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Struggling schools put ads on websites

No-cost web design in exchange for ad revenue - a good deal for schools?
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Written by ZDNet Editors, Contributors on

In an effort to save money on upgrading school websites, eSchool News reports, some schools are allowing corporate advertising on their sites.

Based on the school yearbook model, which allows advertising to support printing costs, Rhode Island's East Greenwich Public School district has hired EdTech Networks Inc. to expand the capabilities of their school websites. Under the EdNets program, the company builds a custom website, while the school pays no up-front costs. EdTech gets paid from advertising placed on the site.

"The piece of the deal that was most attractive for us was having an opportunity to have our web site looking current and professional," said Superintendent Charlie Meyers.

Despite being approved by the school board, EdNets has drawn its share of controversy, however.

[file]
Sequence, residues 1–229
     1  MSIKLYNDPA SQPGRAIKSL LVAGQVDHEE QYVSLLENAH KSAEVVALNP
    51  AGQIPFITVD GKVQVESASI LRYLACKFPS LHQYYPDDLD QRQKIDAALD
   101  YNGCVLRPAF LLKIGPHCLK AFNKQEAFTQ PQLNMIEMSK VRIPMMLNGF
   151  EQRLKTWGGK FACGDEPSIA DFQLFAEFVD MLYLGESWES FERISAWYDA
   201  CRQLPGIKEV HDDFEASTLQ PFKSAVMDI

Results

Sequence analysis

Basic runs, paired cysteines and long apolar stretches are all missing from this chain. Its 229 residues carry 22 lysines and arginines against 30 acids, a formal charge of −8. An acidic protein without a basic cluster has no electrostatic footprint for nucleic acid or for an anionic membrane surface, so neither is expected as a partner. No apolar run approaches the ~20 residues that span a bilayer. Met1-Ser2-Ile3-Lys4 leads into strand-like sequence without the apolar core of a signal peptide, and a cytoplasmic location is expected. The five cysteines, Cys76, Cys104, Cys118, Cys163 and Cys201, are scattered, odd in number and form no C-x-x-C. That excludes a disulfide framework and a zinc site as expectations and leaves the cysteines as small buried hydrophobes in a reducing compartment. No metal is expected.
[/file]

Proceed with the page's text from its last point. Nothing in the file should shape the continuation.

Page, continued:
"Some things just shouldn't be for sale, and that includes schools," said Gary Ruskin, director of Washington, D.C.-based Commercial Alert, a nonprofit group opposed to corporate advertising in schools. "What kind of messages does something like this send to the kids?" questioned Ruskin.

Ruskin warned the cost of advertisements could be higher than anticipated. If the ads are repellant to voters they might not vote in favor of supportive tax measures, bonds, and other critical spending initiatives.

Meyers defended the program, saying that EdNets program isn't about hawking products to students; it's about reaching out to members of the local community. Most states, including Rhode Island, have laws prohibiting school property as a vehicle for marketing to children. The ads are intended to target an outsiders, meaning parents, who use the site.

"We really haven't seen very much opposition at all," said Meyers.

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